It took two years to get a smile 


I noticed the old lady across the street watching me all summer when I slipped outside at 2am to put out the trash before bed. 

There would be a movement behind the slats of lit shutters and the window would open very slowly. It happened more often when the summer heat was at its worst. 

Sometimes a full moon shone down on our alley, and I would stop for a moment to look at it because I liked the way it made me feel so late at night and so alone. She watched me at those times too, and I thought I sensed her judgements change.

She sat in her downstairs window all day facing slightly sideways with an arm draped across the sill. Other old ladies stopped by for a chat, and a few brought her groceries, but I never once saw her leave home. 

Her window was exactly opposite our front door, across a small open space, and our eyes met each time I stepped out. I’d never failed to wave and say hello, but my greetings were always met with a scowl. 

Once I greeted her in Maltese with great enthusiasm. I was watching her the whole time, and I’m still not sure how she accomplished this. I don’t know how else to describe it except to say that she receded very subtly. Her expression never changed, she just drifted backwards as though she were on castors and slowly closed the shutter. 

That stalemate lasted for nearly two years.

And then one day we parked our car next to her window. The sidewalk was always musty with piss because she fed a community of cats. One of the regulars, a three-legged stray, slinked around the corner just as my wife was closing her door. 

She turned to the old lady without thinking and said, “What happened to her leg?” 

“She had an accident once,” the lady replied. “A car.” 

It wasn’t as though a mannequin had made cryptic utterances. She just spoke as though she’d never not talked to us. 

“Did the car cut her leg off?” Tomoko asked, concealing her surprise much better than I hid mine.

“No, she was hurt. I took her to a doctor.” It must have sensed we were talking about it, because three-legs hopped up to the window, slithered around the old lady’s arm, and vanished inside.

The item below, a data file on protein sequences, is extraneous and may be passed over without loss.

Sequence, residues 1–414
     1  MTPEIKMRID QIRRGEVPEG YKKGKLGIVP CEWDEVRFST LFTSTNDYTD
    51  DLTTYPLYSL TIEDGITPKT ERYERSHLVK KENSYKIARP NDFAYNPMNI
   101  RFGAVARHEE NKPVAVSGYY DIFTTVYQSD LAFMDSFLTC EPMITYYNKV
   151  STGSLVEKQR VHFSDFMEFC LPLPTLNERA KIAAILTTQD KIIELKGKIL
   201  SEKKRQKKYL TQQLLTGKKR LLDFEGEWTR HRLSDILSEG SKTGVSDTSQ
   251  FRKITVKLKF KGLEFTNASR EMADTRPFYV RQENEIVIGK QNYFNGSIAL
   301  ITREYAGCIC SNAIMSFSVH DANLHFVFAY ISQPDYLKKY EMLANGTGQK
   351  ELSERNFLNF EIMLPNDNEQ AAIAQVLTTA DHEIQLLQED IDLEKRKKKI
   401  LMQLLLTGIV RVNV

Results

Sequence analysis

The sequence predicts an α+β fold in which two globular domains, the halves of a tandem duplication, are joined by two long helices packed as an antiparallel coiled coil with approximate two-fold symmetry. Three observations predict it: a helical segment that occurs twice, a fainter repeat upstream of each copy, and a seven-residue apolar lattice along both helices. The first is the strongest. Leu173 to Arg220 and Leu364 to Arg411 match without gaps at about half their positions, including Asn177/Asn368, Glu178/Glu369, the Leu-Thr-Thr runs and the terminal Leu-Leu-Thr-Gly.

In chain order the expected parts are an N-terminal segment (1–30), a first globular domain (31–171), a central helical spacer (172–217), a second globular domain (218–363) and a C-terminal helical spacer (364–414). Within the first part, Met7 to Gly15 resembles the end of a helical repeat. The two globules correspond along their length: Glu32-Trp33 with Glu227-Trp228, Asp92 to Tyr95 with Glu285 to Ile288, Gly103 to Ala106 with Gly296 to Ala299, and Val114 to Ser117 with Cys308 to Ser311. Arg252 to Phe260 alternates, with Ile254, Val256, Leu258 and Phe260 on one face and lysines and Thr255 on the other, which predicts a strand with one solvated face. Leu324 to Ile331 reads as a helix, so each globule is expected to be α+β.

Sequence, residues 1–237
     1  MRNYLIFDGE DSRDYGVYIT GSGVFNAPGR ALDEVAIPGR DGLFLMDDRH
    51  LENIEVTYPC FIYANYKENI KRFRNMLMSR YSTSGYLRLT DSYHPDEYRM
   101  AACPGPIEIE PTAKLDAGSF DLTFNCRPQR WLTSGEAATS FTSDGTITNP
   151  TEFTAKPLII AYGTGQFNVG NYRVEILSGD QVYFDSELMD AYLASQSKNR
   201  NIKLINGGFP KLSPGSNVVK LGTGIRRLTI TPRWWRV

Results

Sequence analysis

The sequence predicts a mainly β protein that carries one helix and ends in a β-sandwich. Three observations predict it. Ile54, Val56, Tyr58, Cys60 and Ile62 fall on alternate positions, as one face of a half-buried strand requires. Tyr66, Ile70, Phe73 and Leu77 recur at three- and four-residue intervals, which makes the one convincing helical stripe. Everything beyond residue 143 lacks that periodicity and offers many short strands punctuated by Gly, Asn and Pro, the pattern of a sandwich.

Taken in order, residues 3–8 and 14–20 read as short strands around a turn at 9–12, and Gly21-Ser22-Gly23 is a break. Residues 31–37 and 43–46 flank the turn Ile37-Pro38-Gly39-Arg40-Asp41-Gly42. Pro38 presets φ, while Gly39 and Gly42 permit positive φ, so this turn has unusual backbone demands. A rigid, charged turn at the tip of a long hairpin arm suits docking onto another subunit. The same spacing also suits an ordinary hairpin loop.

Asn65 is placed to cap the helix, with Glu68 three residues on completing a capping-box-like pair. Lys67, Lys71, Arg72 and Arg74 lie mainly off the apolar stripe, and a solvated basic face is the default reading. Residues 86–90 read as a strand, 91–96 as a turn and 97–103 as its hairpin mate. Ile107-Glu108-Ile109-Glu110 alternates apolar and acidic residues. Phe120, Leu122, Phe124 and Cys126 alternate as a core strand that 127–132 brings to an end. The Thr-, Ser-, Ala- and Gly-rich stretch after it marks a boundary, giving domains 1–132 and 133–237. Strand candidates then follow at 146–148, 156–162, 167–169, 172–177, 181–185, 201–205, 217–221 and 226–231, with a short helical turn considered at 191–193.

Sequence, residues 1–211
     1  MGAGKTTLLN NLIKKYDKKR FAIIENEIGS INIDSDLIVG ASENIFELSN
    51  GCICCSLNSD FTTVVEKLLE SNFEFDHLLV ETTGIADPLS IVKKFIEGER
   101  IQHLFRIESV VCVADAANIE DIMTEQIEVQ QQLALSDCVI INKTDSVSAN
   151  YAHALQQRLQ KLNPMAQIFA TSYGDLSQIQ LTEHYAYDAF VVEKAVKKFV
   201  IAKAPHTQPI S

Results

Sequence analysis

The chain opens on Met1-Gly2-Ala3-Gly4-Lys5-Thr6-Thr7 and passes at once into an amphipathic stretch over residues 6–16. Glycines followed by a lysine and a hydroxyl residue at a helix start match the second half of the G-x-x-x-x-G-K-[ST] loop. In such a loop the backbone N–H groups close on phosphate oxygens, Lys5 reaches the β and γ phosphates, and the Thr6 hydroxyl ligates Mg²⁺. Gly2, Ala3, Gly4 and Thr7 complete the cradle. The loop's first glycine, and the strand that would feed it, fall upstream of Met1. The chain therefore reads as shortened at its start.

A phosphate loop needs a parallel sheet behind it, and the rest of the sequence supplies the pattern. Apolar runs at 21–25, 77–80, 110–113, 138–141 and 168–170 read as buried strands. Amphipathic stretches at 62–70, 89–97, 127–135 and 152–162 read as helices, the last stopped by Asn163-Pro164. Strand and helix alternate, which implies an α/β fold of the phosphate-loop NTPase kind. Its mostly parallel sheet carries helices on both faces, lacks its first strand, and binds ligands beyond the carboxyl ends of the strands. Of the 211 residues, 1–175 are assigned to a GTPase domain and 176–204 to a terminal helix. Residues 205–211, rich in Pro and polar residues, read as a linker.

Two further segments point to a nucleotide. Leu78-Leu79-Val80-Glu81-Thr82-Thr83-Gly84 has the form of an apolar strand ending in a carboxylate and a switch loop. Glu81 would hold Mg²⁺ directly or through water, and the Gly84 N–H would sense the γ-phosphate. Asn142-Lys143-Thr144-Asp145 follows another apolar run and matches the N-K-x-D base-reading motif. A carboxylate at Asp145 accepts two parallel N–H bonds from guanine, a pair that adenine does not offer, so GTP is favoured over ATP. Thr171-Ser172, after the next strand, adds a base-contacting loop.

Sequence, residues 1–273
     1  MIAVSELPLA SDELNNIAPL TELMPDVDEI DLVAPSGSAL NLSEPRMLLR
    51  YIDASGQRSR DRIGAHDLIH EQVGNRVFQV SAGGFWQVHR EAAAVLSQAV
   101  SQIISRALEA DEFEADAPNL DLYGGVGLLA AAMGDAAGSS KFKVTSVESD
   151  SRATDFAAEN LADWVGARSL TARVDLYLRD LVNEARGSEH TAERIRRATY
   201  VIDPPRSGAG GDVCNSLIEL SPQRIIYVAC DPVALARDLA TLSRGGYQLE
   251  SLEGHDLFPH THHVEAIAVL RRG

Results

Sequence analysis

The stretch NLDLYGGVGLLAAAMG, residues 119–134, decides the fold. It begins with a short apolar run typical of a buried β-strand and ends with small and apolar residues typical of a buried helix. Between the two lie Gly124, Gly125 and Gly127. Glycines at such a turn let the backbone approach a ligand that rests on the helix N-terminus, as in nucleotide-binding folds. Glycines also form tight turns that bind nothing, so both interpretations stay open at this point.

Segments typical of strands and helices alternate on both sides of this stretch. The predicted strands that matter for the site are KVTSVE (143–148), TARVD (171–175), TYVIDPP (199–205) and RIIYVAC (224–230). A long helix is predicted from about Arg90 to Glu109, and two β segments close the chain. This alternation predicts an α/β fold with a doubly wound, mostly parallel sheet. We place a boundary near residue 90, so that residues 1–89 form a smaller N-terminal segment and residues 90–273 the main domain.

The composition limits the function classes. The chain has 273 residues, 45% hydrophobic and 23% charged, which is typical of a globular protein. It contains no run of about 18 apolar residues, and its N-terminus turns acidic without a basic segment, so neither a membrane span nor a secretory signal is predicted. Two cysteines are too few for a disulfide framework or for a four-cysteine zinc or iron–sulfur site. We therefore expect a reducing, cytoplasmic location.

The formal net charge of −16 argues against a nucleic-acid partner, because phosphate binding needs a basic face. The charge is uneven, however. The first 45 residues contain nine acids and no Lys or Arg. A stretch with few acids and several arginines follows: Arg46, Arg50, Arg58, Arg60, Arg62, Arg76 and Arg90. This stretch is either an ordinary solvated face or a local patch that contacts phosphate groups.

“She’s very agile!” Tomoko said, and the old lady’s face lit up in the nicest smile. 

From that day on, she smiled and waved at us every time we left the house.

We were in Africa for most of December working on a story for a travel magazine. There was something strange about the old lady’s house when we returned. 

Someone was refilling the tin plate below the window for her cats, but the character of the house had changed. It felt as though it had closed in on itself.

I tried an internet search using her family name and found an obituary. She’d been taken to hospital while we were away, and died a couple weeks later. The Barber told me her house had been broken into that same day. 

“It was probably her relatives,” he said. 

“What, they waited until they knew she wasn’t coming back, and looted her house?”

“It happens often here. They don’t want to wait for the will to go through the courts. They’re afraid they’ll be cut out, or that someone else will get the things they want.” He shrugged. “She had a lot of antiques. Everyone knew.”

About the author

Ryan Murdock

Author of A Sunny Place for Shady People and Vagabond Dreams: Road Wisdom from Central America. Host of Personal Landscapes podcast. Editor-at-Large (Europe) for Canada's Outpost magazine. Writer at The Shift. Fellow of the Royal Geographical Society.

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